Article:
CAMBRIDGE – China and Russia have just provided the world with sharp contrasts in the use of power. As the French analyst Dominique Moisi recently put it, “whereas China intends to seduce and impress the world by the number of its Olympic medals, Russia wants to impress the world by demonstrating its military superiority – China’s soft power versus Russia’s hard power.” Some American analysts, such as Edward Luttwak, have concluded that Russia’s invasion of Georgia proves the “irrelevance” of soft power, and the dominance of hard military power. In reality, the story will turn out to be more complicated for both countries.
Soft power is the ability to get what you want through attraction rather than coercion or payment. It is not the solution to all problems. North Korean dictator Kim Jong Il’s fondness for Hollywood movies is unlikely to affect his nuclear weapons program. And soft power got nowhere in dissuading Afghanistan’s Taliban government from supporting Al Qaeda in the 1990’s.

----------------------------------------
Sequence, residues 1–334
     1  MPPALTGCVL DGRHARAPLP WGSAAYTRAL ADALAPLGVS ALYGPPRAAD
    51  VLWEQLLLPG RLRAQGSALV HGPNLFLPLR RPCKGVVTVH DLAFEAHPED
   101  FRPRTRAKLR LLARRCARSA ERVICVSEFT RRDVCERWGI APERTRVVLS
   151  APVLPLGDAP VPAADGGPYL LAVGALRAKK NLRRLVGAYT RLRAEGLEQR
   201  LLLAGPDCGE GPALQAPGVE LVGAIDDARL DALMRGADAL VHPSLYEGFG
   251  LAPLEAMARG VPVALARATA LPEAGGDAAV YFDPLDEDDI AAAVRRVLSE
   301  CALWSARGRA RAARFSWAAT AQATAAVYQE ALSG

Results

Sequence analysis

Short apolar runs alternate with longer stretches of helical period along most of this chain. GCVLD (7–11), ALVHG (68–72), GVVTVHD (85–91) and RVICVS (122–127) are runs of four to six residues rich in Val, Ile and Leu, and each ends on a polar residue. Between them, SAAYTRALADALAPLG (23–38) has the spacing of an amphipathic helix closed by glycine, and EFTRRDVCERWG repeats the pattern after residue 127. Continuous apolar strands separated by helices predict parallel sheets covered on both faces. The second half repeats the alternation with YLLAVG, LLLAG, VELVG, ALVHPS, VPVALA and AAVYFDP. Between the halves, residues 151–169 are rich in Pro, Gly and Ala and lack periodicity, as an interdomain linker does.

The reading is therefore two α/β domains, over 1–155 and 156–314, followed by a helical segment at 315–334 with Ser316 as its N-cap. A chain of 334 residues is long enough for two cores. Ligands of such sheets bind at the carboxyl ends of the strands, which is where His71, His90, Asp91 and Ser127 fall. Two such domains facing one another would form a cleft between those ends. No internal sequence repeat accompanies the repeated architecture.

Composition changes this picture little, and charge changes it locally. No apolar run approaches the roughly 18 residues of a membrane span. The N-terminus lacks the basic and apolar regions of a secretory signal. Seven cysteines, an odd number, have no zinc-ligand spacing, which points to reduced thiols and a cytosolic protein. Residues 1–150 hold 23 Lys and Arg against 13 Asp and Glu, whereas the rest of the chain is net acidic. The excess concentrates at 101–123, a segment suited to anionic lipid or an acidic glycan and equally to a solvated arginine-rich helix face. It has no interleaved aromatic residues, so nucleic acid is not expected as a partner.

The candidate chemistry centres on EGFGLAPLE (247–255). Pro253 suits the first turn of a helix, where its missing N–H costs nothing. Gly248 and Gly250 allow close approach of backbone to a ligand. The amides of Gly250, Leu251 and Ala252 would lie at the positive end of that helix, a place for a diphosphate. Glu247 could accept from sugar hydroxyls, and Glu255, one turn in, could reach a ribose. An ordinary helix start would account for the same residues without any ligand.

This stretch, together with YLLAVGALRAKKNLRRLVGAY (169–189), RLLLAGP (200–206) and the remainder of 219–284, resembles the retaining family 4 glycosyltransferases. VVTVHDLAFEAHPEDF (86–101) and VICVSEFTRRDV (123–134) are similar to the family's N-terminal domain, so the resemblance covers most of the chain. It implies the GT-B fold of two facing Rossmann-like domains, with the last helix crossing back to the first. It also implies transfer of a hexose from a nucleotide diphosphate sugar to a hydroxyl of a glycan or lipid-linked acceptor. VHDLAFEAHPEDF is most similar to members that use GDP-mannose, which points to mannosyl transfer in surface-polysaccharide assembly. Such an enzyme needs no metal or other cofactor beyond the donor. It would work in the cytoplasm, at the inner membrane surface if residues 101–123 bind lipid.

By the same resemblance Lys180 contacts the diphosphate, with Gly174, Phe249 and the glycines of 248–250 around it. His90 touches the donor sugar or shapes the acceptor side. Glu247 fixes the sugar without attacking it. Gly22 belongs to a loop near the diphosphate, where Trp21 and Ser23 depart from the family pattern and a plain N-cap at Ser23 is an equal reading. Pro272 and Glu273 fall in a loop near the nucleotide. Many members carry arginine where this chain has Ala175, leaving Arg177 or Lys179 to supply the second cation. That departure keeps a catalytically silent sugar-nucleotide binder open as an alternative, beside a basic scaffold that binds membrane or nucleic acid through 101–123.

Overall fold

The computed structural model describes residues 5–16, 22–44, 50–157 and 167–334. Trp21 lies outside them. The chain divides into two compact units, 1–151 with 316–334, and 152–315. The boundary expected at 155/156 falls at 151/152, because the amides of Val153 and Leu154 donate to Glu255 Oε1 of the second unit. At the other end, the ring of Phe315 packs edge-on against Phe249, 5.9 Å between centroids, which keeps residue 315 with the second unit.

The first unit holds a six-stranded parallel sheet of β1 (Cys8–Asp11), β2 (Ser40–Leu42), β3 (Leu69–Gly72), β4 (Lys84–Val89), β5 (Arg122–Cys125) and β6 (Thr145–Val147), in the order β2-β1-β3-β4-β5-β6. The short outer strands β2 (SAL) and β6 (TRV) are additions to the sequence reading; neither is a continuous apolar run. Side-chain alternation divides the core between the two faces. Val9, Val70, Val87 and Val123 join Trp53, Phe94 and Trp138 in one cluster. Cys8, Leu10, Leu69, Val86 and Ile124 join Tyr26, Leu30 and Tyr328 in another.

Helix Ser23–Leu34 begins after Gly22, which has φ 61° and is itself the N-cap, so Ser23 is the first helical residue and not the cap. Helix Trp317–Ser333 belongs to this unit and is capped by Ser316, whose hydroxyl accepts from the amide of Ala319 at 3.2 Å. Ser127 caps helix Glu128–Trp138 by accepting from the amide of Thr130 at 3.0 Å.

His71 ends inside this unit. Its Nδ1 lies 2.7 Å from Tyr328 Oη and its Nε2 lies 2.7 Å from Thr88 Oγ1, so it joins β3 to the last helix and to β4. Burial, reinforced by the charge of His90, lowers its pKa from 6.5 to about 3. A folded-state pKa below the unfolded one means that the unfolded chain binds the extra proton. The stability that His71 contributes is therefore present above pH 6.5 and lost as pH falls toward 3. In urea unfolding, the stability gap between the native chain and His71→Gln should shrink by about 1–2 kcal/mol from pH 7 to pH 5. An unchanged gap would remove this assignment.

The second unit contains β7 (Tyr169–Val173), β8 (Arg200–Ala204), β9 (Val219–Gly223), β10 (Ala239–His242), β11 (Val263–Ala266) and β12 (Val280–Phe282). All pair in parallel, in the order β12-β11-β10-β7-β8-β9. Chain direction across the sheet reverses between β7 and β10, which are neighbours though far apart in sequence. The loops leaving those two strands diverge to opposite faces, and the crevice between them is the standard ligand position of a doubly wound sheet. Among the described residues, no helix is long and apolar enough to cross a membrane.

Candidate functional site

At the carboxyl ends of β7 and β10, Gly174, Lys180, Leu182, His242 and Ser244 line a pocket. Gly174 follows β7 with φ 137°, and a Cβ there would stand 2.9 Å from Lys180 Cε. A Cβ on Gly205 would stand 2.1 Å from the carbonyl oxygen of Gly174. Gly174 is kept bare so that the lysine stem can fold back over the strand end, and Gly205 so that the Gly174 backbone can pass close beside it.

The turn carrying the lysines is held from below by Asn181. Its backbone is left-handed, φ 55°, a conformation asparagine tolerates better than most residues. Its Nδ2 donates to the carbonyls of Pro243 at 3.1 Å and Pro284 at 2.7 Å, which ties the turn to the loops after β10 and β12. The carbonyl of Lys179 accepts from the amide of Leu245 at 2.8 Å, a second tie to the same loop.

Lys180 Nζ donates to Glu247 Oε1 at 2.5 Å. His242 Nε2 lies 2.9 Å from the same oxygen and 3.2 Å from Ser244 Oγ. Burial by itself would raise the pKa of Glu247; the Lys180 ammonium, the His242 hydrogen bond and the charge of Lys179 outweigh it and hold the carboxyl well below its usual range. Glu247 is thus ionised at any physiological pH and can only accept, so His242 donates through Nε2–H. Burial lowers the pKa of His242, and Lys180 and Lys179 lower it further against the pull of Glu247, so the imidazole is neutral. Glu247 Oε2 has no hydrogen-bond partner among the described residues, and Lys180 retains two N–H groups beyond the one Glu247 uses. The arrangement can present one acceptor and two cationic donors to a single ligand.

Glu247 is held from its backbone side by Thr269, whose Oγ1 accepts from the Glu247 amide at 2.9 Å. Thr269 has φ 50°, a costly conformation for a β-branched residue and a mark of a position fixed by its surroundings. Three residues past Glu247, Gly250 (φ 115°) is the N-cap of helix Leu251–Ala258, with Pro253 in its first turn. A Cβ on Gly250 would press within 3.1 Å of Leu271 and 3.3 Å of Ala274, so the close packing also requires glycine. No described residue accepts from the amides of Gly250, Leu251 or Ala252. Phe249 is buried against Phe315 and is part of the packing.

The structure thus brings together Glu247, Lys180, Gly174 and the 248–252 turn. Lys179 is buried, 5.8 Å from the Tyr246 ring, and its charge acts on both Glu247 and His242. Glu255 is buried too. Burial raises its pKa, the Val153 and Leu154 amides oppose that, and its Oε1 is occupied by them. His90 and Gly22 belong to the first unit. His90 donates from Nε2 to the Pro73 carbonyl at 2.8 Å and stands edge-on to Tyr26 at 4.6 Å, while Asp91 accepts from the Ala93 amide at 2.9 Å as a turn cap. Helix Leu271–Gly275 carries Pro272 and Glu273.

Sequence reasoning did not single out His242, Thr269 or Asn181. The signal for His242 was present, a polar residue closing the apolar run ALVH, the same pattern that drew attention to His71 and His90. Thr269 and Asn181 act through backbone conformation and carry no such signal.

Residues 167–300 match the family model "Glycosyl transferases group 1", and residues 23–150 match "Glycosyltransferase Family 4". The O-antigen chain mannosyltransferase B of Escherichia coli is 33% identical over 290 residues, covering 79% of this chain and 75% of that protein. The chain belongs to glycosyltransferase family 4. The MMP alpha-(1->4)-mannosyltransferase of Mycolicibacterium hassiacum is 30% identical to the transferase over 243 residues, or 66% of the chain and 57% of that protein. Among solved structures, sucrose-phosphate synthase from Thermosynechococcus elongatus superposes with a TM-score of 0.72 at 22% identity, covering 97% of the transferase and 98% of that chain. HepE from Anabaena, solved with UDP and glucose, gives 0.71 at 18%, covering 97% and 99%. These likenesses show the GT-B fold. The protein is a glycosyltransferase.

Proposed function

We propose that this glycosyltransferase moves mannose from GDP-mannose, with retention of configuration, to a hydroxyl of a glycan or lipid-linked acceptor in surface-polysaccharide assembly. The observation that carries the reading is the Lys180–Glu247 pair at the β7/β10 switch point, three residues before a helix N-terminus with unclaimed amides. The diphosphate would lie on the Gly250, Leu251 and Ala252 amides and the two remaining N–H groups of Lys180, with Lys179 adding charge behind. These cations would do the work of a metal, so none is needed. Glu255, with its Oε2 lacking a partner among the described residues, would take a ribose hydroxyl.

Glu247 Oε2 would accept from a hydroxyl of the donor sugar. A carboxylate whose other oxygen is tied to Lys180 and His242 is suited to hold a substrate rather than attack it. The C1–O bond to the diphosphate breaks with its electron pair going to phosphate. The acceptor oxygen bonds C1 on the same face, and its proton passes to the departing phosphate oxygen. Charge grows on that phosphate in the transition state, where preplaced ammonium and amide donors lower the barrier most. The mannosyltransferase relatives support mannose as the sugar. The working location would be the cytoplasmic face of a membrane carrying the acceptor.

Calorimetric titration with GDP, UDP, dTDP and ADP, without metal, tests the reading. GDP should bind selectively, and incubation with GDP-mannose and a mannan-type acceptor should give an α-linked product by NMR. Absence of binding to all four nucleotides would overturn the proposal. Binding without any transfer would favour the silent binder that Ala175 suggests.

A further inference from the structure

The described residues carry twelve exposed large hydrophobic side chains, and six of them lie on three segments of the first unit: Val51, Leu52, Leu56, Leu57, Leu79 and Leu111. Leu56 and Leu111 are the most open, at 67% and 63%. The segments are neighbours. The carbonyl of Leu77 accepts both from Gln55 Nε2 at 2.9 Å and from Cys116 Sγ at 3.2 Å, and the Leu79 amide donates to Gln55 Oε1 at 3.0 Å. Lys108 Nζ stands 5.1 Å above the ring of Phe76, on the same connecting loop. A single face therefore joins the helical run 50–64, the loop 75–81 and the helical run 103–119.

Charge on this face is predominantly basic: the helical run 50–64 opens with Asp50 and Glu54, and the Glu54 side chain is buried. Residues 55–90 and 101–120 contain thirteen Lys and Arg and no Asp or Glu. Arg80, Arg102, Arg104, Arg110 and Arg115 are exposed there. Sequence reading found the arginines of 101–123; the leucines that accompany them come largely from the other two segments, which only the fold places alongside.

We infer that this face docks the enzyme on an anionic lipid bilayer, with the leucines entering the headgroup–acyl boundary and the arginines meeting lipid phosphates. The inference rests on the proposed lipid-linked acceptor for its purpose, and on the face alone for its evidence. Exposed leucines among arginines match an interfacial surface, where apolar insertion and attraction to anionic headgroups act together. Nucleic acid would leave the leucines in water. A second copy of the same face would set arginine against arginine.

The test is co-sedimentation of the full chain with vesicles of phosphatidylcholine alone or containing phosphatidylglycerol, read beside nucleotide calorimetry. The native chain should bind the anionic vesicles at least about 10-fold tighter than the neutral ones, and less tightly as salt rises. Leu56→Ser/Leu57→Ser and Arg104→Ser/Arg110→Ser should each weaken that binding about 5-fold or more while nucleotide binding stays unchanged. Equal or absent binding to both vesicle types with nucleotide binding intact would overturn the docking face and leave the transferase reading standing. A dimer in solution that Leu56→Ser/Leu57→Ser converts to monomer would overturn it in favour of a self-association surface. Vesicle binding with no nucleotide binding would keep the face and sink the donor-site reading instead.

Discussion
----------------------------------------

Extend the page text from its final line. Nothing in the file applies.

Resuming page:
But other goals, such as the promotion of democracy and human rights, are better achieved by soft power, which can also create an enabling or disabling environment, as the United States discovered in the aftermath of the invasion of Iraq.
Skeptics who belittle soft power because it does not solve all problems are like a boxer who fights without using his left hand because his right hand is stronger. Soft power is rarely sufficient, but it is often crucial to combine soft and hard power to have an effective “smart power” strategy. As the American Defense Secretary Robert Gates said last year, “I am here to make the case for strengthening our capacity to use soft power and for better integrating it with hard power.”